The following table presents, for the periods indicated, an analysis of net interest income by each major category of interest-earning assets and interest-bearing liabilities, the average amounts outstanding and the interest earned or paid on such amounts. The table also sets forth the average rates earned on interest-earning assets, the average rates paid on interest-bearing liabilities, and the net interest margin on average total interest-earning assets for the same periods. Interest earned on loans that are classified as nonaccrual is not recognized in income; however, the balances are reflected in average outstanding balances for the period. For the three months ended June 30, 2021 and 2020, interest income not recognized on nonaccrual loans was $255 thousand and $536 thousand, respectively. Any nonaccrual loans have been included in the table as loans carrying a zero yield.
For the Three Months Ended June 30, 2021 2020 Interest Interest Average Earned/ Average Average Earned/ Average Outstanding Interest Yield/ Outstanding Interest Yield/ Balance Paid Rate Balance Paid Rate (Dollars in thousands) Assets Interest-earning assets: Loans(1) $ 6,108,527 $ 63,427 4.16 % $ 5,797,989 $ 67,404 4.68 % Loans held for investment, MW 455,334 3,476 3.06 304,873 2,279 3.01 PPP loans 364,020 911 1.00 303,223 757 1.00 Debt Securities 1,095,678 7,529 2.76 1,117,964 7,825 2.82 Interest-earning deposits in other banks 548,087 167 0.12 366,764 186 0.20 Equity securities and other investments 87,413 672 3.08 110,672 891 3.24 Total interest-earning assets 8,659,059 76,182 3.53 8,001,485 79,342 3.99 ACL (105,050) (110,483) Noninterest-earning assets 767,270 798,772 Total assets $ 9,321,279 $ 8,689,774 Liabilities and Stockholders' Equity Interest-bearing liabilities: Interest-bearing demand and savings deposits $ 3,191,405 $ 1,661 0.21 % $ 2,684,897 $ 2,471 0.37 % Certificates and other time deposits 1,515,092 2,423 0.64 1,625,971 6,515 1.61 Advances from FHLB 777,655 1,829 0.94 1,206,930 2,801 0.93 Subordinated debentures and subordinated debt 264,931 3,138 4.75 142,549 1,798 5.07 Total interest-bearing liabilities 5,749,083 9,051 0.63 5,660,347 13,585 0.97 Noninterest-bearing liabilities: Noninterest-bearing deposits 2,266,470 1,826,327 Other liabilities 51,355 47,302 Total liabilities 8,066,908 7,533,976 Stockholders' equity 1,254,371 1,155,798 Total liabilities and stockholders' equity $ 9,321,279 $ 8,689,774 Net interest rate spread(2) 2.9 % 3.02 % Net interest income $ 67,131 $ 65,757 Net interest margin(3) 3.11 % 3.31 %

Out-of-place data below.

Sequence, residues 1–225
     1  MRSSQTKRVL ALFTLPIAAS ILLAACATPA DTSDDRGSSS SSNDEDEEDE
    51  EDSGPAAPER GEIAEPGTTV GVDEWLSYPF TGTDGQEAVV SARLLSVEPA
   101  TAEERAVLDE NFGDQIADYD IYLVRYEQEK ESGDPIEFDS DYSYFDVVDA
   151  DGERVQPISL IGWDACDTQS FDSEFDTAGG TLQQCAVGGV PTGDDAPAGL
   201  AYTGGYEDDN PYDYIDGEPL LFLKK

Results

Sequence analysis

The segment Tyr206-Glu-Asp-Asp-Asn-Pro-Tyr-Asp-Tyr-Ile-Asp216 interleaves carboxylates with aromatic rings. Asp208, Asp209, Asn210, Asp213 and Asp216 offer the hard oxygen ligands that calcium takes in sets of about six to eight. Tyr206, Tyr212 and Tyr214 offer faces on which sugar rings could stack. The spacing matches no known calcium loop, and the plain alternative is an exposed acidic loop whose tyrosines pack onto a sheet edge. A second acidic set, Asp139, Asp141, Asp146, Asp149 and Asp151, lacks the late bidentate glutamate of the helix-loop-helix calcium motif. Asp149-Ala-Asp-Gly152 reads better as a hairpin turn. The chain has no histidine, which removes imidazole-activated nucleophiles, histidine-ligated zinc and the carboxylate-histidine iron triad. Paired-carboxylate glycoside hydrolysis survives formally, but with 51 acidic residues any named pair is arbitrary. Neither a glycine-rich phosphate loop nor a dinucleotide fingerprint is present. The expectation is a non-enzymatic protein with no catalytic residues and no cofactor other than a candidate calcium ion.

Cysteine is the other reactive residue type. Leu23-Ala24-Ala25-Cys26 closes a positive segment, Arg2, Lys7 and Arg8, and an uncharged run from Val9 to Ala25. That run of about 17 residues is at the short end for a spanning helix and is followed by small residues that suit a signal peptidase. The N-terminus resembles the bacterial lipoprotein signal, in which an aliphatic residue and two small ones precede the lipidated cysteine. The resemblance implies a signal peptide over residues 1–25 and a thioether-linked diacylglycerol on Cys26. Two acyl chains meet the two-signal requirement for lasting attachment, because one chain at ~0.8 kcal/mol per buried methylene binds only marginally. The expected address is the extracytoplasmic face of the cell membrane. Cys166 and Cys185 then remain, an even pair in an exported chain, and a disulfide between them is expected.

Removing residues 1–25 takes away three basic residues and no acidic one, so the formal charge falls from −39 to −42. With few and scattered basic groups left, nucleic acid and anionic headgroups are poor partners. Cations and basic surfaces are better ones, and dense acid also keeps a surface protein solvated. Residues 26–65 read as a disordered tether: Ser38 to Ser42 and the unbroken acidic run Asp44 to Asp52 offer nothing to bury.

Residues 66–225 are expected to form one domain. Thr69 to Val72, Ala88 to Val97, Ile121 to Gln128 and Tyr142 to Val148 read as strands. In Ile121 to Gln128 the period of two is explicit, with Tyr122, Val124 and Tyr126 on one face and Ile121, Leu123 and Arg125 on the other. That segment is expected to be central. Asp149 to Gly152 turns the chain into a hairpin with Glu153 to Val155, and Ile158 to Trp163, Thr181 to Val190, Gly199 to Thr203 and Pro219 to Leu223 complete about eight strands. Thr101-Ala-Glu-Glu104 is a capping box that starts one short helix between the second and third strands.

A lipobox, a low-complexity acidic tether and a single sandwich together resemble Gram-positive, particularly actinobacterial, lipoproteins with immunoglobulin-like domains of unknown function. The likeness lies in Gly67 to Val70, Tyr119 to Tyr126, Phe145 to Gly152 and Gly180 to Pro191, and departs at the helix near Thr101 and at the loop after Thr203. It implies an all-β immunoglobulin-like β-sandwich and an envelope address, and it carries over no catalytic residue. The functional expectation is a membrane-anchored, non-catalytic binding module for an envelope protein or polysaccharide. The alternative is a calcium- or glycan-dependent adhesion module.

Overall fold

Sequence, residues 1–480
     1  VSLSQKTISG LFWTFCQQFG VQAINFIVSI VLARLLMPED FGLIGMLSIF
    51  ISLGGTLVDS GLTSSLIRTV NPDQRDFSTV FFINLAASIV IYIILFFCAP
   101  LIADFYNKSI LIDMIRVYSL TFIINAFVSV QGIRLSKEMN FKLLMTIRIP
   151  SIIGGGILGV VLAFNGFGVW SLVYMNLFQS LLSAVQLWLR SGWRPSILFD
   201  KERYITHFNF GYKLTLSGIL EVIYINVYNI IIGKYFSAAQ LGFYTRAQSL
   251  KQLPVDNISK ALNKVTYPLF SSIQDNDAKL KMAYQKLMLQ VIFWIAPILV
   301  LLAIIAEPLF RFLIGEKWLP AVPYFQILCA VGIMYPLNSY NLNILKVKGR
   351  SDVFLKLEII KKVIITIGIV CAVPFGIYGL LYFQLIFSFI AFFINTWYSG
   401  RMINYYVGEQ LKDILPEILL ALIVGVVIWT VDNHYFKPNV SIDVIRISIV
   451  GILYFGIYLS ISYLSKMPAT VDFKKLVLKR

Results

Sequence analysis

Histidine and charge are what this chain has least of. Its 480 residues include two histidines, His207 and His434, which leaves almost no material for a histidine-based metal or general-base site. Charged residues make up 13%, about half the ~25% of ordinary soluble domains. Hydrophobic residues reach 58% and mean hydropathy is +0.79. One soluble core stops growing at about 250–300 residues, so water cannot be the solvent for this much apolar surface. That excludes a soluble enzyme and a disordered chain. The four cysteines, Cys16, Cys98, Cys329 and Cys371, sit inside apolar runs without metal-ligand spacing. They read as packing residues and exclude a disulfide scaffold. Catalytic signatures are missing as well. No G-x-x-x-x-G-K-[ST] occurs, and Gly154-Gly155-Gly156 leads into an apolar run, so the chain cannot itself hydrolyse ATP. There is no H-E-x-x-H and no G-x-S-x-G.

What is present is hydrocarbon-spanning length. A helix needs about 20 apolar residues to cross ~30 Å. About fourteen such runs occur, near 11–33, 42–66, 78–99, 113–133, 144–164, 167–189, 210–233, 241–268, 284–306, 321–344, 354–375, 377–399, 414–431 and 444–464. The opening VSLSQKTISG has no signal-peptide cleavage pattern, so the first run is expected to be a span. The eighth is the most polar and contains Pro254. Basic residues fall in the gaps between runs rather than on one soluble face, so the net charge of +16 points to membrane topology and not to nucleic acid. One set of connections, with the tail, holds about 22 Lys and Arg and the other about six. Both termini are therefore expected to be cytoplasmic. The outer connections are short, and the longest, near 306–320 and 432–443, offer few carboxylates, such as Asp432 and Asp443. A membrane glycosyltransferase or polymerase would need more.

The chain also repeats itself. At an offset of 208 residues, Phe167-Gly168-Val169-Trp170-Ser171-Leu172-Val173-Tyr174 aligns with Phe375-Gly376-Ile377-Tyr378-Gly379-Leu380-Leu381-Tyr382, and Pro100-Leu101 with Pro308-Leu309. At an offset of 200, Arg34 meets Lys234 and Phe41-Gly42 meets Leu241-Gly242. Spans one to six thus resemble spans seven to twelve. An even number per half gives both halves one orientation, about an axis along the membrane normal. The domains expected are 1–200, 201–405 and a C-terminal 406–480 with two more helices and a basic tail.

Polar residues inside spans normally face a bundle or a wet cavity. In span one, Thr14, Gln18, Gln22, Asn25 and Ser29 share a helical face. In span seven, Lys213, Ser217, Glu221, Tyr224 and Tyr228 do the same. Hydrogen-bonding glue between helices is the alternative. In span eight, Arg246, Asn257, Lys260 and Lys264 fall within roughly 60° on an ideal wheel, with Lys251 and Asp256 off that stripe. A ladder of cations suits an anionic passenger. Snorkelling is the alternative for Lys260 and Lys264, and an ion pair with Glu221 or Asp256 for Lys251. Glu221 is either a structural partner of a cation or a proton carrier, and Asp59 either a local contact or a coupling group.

(1) Includes average outstanding balances of loans held for sale of $14,364 and $22,958 for the three months ended June 30, 2021 and June 30, 2020, respectively, and average balances of loans held for investment, excluding MW and PPP loans.
The following table presents the changes in interest income and interest expense for the periods indicated for each major component of interest-earning assets and interest-bearing liabilities and distinguishes between the changes attributable to changes in volume and interest rates. For purposes of this table, changes attributable to both rate and volume that cannot be segregated have been allocated to rate.
For the Three Months Ended June 30, 2021 vs. 2020 Increase (Decrease) Due to Change in Volume Rate Total (In thousands) Interest-earning assets: Loans $ 3,661 $ (8,395) $ (4,734) Loans held for investments, MW 1,129 68 1,197 PPP loans - 154 154 Debt securities (157) (139) (296) Interest-bearing deposits in other banks 90 (109) (19) Equity securities and other investments (188) (31) (219) Total increase (decrease) in interest income 4,535 (8,452) (3,917) Interest-bearing liabilities: Interest-bearing demand and savings deposits 467 (1,277) (810) Certificates and other time deposits (445) (3,647) (4,092) Advances from FHLB (999) 27 (972) Subordinated debentures and subordinated notes 1,548 (208) 1,340 Total increase (decrease) in interest expense 571 (5,105) (4,534) Increase (decrease) in net interest income $ 3,964 $ (3,347) $ 617
Provision for Credit Losses
Noninterest Income Our primary sources of recurring noninterest income are service charges and fees on deposit accounts, loan fees, gain on the sale of securities, gains on the sale of mortgage loans held for sale, government guaranteed loan income, net and other income. Noninterest income does not include loan origination fees, which are generally recognized over the life of the related loan as an adjustment to yield using the interest method. The following table presents, for the periods indicated, the major categories of noninterest income: For the Three Months Ended June 30, Increase 2021 2020 (Decrease) (In thousands) Noninterest income: Service charges and fees on deposit accounts $ 3,847 $ 2,960 $ 887 Loan fees 1,823 1,240 583 . . .
Aug 06, 2021